The kingmakers: five key ministers who could influence leadership race
On Friday, Education Minister Richard Bruton pointedly refused to rule out a run for the leadership when asked by the Irish Independent.
His intentions will become clearer tonight when he attends the AGM of his constituency branch in Dublin Bay North.
It is understood a number of delegates intend to seek confirmation from Mr Bruton over whether he will throw his hat in the ring.
Sources say that while he is unlikely to secure a great deal of support from the parliamentary party, he believes he will benefit from a strong popularity among the Fine Gael grassroots.
But Mr Bruton will be conscious of the need to steer clear of any motions of no confidence in Mr Kenny - having led an unsuccessful heave against the Mayo politician in 2010.
In the eyes of senior Fine Gael figures such as Michael Noonan and Michael Ring, Paschal Donohoe is the ideal candidate to succeed Enda Kenny as Taoiseach.
He has shown himself to be a solid pair of hands at the Cabinet table and would be well-placed to unify the party during the post-Kenny period.
But Mr Donohoe has made it clear that on this occasion, he will not be putting his name forward.
He is not the type of politician to go back on his word and therefore his bona fides should be trusted.
But Mr Donohoe has said he will eventually endorse a candidate - rather than sit on the fence. His endorsement could prove significant.
As soon as the leadership issue was raised last week, Tánaiste and Justice Minister Frances Fitzgerald told her inner circle that she was interested.
But the prospect of the country electing its first female Taoiseach has gained little traction within the Fine Gael ranks since.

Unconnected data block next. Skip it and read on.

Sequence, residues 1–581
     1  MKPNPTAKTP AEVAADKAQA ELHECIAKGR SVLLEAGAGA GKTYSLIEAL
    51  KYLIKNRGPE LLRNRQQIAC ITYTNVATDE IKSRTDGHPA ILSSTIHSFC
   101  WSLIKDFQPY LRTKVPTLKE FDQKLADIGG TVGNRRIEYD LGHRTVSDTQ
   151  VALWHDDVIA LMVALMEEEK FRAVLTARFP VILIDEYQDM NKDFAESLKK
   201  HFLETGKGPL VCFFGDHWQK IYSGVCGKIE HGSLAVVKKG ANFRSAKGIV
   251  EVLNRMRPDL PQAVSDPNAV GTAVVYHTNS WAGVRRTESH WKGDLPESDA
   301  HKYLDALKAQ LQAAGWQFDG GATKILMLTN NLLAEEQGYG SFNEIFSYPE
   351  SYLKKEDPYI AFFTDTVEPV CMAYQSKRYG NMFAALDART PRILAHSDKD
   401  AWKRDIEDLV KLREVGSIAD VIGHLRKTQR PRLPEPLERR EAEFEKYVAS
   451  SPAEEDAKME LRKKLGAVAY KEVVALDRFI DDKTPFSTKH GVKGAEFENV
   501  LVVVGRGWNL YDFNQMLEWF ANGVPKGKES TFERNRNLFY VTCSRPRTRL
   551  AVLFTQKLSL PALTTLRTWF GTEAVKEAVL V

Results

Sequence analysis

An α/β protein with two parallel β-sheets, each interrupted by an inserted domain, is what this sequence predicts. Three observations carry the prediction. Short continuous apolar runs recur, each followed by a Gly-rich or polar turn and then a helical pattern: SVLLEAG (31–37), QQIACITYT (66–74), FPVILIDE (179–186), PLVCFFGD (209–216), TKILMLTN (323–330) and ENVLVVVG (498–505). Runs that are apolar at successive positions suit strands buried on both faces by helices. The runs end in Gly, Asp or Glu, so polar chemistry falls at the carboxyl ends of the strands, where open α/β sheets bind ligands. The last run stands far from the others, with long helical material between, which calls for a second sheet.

This is due to her botched handling of the whistleblower affair and her embarrassing 'he says, she says' row with Fianna Fáil's justice spokesperson Jim O'Callaghan over the Tusla affair.
Ms Fitzgerald does have supporters in the party, however, and any endorsement she offers could prove significant. She may yet decide to back Health Minister Simon Harris, who is seen as her protégé.
Finance Minister Michael Noonan is widely expected to be the first casualty from Cabinet when the new leader is elected in the coming months.
However, the Limerick politician may end up playing a crucial role in advising one of the leadership hopefuls.
He has already admitted that he would like to see Paschal Donohoe become leader. But whether he endorses a candidate publicly remains to be seen at this stage.
While it is accepted that Mr Noonan's career is in its latter stages due to his poor health, grassroots members are likely to be highly influenced by the veteran politician.
Although aged just 30, Health Minister Simon Harris is himself being speculated as a potential 'compromise' candidate.
He spent the weekend consulting supporters in Greystones, Co Wicklow, and is said to be seriously considering entering the race once Enda Kenny makes his intentions known.
Central to Mr Harris's thinking is positioning himself for a further tilt at the leadership in the future.
If he does perform well in any contest, he will guarantee himself a senior ministry in either Leo Varadkar or Simon Coveney's cabinet.
He is likely to announce his approach following negotiations with Tánaiste Frances Fitzgerald, whom he is closely aligned to in the parliamentary party.